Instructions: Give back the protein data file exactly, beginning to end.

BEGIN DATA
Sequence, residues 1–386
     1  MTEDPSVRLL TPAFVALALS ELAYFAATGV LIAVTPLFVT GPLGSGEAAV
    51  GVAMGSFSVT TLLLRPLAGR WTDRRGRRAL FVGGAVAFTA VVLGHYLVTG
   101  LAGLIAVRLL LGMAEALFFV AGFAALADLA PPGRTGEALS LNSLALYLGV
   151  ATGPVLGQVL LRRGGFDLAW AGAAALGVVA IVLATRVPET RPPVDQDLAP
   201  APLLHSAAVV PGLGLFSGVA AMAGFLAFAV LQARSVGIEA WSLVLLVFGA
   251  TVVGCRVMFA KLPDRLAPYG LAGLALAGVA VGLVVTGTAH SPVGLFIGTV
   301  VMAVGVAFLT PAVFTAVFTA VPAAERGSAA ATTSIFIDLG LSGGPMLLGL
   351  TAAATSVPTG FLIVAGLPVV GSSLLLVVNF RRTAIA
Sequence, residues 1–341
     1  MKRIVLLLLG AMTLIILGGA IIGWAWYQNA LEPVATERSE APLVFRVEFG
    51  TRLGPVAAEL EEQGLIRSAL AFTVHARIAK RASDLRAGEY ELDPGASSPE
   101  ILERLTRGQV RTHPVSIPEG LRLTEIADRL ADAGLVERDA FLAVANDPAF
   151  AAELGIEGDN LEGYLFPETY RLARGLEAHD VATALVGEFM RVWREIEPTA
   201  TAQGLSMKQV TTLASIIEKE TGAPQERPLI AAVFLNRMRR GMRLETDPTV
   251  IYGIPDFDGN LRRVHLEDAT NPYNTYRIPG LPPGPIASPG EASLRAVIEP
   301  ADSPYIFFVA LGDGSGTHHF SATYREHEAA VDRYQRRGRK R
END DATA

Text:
Sequence, residues 1–386
     1  MTEDPSVRLL TPAFVALALS ELAYFAATGV LIAVTPLFVT GPLGSGEAAV
    51  GVAMGSFSVT TLLLRPLAGR WTDRRGRRAL FVGGAVAFTA VVLGHYLVTG
   101  LAGLIAVRLL LGMAEALFFV AGFAALADLA PPGRTGEALS LNSLALYLGV
   151  ATGPVLGQVL LRRGGFDLAW AGAAALGVVA IVLATRVPET RPPVDQDLAP
   201  APLLHSAAVV PGLGLFSGVA AMAGFLAFAV LQARSVGIEA WSLVLLVFGA
   251  TVVGCRVMFA KLPDRLAPYG LAGLALAGVA VGLVVTGTAH SPVGLFIGTV
   301  VMAVGVAFLT PAVFTAVFTA VPAAERGSAA ATTSIFIDLG LSGGPMLLGL
   351  TAAATSVPTG FLIVAGLPVV GSSLLLVVNF RRTAIA
Sequence, residues 1–341
     1  MKRIVLLLLG AMTLIILGGA IIGWAWYQNA LEPVATERSE APLVFRVEFG
    51  TRLGPVAAEL EEQGLIRSAL AFTVHARIAK RASDLRAGEY ELDPGASSPE
   101  ILERLTRGQV RTHPVSIPEG LRLTEIADRL ADAGLVERDA FLAVANDPAF
   151  AAELGIEGDN LEGYLFPETY RLARGLEAHD VATALVGEFM RVWREIEPTA
   201  TAQGLSMKQV TTLASIIEKE TGAPQERPLI AAVFLNRMRR GMRLETDPTV
   251  IYGIPDFDGN LRRVHLEDAT NPYNTYRIPG LPPGPIASPG EASLRAVIEP
   301  ADSPYIFFVA LGDGSGTHHF SATYREHEAA VDRYQRRGRK R